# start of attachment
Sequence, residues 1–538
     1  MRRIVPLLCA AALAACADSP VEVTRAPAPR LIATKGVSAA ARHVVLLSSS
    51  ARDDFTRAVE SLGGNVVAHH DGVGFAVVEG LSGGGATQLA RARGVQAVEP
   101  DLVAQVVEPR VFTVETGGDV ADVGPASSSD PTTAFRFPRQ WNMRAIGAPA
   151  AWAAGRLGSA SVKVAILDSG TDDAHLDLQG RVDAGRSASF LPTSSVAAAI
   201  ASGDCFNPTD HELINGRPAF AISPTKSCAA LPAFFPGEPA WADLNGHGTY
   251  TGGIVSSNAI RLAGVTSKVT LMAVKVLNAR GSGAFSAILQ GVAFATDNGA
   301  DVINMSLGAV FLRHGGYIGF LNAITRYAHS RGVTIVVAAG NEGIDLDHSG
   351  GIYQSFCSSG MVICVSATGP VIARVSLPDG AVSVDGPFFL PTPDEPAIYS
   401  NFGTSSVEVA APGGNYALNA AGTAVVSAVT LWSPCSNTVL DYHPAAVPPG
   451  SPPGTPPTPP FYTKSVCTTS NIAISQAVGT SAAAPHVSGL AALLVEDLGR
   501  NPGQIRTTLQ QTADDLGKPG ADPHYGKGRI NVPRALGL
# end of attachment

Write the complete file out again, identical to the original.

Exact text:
Sequence, residues 1–538
     1  MRRIVPLLCA AALAACADSP VEVTRAPAPR LIATKGVSAA ARHVVLLSSS
    51  ARDDFTRAVE SLGGNVVAHH DGVGFAVVEG LSGGGATQLA RARGVQAVEP
   101  DLVAQVVEPR VFTVETGGDV ADVGPASSSD PTTAFRFPRQ WNMRAIGAPA
   151  AWAAGRLGSA SVKVAILDSG TDDAHLDLQG RVDAGRSASF LPTSSVAAAI
   201  ASGDCFNPTD HELINGRPAF AISPTKSCAA LPAFFPGEPA WADLNGHGTY
   251  TGGIVSSNAI RLAGVTSKVT LMAVKVLNAR GSGAFSAILQ GVAFATDNGA
   301  DVINMSLGAV FLRHGGYIGF LNAITRYAHS RGVTIVVAAG NEGIDLDHSG
   351  GIYQSFCSSG MVICVSATGP VIARVSLPDG AVSVDGPFFL PTPDEPAIYS
   401  NFGTSSVEVA APGGNYALNA AGTAVVSAVT LWSPCSNTVL DYHPAAVPPG
   451  SPPGTPPTPP FYTKSVCTTS NIAISQAVGT SAAAPHVSGL AALLVEDLGR
   501  NPGQIRTTLQ QTADDLGKPG ADPHYGKGRI NVPRALGL